But no one could top Ken Moelis, the head of the Moelis & Co investment bank, who claimed the freshman congresswoman’s proposal would “be disastrous for the economy,” because it would take away the incentive to work. He also asked:" “What’s going to happen to the two-workforce family? You forget where 70 percent starts to kick in.”
For the record, Ocasio-Cortez would like to see that top marginal rate kick in at $10 million. I don’t know too many families earning that sort of money even if they send all their children and assorted pets to work, and I doubt you do either, unless you live next door to the owner of a hedge fund.
When you hear comments like Moelis’s stated belief that a 70 percent tax on income over $10 million is going to put an end to the two-income family, you realize that Ocasio-Cortez is the least of the problems facing the people who can afford to attend Davos.
It’s hard to blame billionaires from wanting to get together and congratulate each other on their smarts (not to mention attend many a party), but our ruling plutocrats also want to be congratulated for their unique virtue while doing so. The idea all but baked into the Davos gathering is that the elite who can afford to attend are among what was once called the best and the brightest, people who by dint of their wealth and their financial accomplishments bring an understanding of important matters, one that exceeds that of most mere mortals and voters.
In fact, in many cases, it’s the opposite. Their wealth cuts them off, allowing them their restricted vision, and I mean that literally. A few years back, a behavioral finance study determined that the wealthier people are, the less they look at other people surrounding them as they walk down the street.
Reports on the ground say the men — and they are mostly men — attending Davos are more than a bit depressed. It’s not just that 70 percent marginal tax threat. President Trump is a last-minute no-show, thanks to the partial shutdown of the federal government he initiated and refuses to bring to an end. British Prime Minister Theresa May, still reeling from her Brexit vote defeat last week, isn’t present either. Ditto France’s Emmanuel Macron.
Fears of a global recession are thick on the ground. And then there is another top discussion item, a scolding letter penned by non-attendee Seth Klarman, the head of the Baupost Group hedge fund, who wrote, “It can’t be business as usual amid constant protests, riots, shutdowns and escalating social tensions.”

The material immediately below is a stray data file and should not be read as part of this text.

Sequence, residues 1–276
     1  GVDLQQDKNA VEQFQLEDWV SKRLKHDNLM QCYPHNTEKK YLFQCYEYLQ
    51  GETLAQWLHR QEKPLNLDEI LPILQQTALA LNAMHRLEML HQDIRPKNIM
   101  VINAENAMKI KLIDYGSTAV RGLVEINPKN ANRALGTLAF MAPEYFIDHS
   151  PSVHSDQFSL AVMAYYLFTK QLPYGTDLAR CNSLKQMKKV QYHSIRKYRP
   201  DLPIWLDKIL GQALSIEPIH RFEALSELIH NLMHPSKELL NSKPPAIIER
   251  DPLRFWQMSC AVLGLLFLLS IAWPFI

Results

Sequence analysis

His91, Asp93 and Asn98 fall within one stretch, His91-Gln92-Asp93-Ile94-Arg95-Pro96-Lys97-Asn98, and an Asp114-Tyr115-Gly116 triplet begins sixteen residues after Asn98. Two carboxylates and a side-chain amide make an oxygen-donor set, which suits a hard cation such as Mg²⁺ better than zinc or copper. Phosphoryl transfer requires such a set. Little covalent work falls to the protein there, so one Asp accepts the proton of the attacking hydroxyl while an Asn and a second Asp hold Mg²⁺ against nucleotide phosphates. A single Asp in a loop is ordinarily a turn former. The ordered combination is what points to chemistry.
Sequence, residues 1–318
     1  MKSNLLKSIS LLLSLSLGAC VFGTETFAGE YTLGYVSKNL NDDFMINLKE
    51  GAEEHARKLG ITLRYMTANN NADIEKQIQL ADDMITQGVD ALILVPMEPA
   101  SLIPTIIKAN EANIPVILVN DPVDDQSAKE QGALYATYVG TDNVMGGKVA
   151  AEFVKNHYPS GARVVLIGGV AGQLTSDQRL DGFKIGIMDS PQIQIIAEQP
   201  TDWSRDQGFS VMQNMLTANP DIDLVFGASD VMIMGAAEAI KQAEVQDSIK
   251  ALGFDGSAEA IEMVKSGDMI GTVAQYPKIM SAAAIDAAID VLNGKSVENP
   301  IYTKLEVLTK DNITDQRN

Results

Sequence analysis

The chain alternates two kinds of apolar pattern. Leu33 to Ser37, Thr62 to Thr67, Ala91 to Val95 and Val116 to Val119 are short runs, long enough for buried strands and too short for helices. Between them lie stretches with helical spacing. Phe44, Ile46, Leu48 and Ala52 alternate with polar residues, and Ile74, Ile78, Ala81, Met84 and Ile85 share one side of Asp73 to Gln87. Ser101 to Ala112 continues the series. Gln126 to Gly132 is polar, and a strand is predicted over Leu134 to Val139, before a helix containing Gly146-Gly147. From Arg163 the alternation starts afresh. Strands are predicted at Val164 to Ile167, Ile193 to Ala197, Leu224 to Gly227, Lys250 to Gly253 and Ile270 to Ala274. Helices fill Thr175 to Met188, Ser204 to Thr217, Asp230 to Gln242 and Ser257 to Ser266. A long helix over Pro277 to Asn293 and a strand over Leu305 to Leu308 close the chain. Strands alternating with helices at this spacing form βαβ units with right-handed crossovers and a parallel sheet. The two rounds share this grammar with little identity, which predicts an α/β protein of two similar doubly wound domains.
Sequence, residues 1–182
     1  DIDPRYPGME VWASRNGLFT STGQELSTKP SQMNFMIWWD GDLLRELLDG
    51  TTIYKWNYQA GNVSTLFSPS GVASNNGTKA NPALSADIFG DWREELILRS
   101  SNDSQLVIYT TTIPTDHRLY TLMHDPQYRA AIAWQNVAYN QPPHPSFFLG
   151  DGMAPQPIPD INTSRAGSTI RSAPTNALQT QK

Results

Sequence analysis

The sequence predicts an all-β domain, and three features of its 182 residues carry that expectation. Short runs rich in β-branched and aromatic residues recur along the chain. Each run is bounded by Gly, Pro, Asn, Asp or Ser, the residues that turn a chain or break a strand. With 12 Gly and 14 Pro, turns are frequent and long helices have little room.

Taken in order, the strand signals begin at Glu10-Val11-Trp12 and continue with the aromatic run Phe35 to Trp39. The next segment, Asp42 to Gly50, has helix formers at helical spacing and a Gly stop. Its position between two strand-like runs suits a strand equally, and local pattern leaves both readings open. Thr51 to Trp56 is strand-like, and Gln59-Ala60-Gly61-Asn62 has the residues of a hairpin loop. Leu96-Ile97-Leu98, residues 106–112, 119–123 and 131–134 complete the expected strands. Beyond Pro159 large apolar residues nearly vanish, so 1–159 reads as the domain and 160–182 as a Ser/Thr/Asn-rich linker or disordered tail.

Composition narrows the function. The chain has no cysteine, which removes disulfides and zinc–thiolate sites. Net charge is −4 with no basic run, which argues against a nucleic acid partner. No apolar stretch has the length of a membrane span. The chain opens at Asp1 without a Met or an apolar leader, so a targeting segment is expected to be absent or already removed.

But somehow — maybe it’s that blinkered vision — the men and occasional woman at Davos mostly fail to see their personal responsibility for all that economic and political unhappiness. They don’t get that there’s a connection between, as Oxfam reported, the wealthiest 1 percent of the world population capturing 82 percent of all wealth created last year, and the increasing unrest.
Reminder: These are the sorts of people who believe the typical worker will be impacted by a tax that begins at $10 million in annual income.
As it turns out, possessing the ability to spend the tens of thousands of dollars that gains you admission to Davos (not to mention paying the absurd prices when there, like ordering a $56 hamburger) means never needing to worry about your role in the problems Klarman described, and the ones keeping the leaders of the United States, Britain and France away. It means you can surround yourself with people who will tell you it’s not your fault that the masses are angry after decades of income stagnation, while the wealthiest continue to make gain after gain. It means you can continue to pontificate about possible solutions for the mess of problems confronting the world order, while somehow exempting yourself from the sacrifice needed to solve them. And it means you don’t need to acknowledge that you are part of the problem, and not likely to be among those to offer a solution.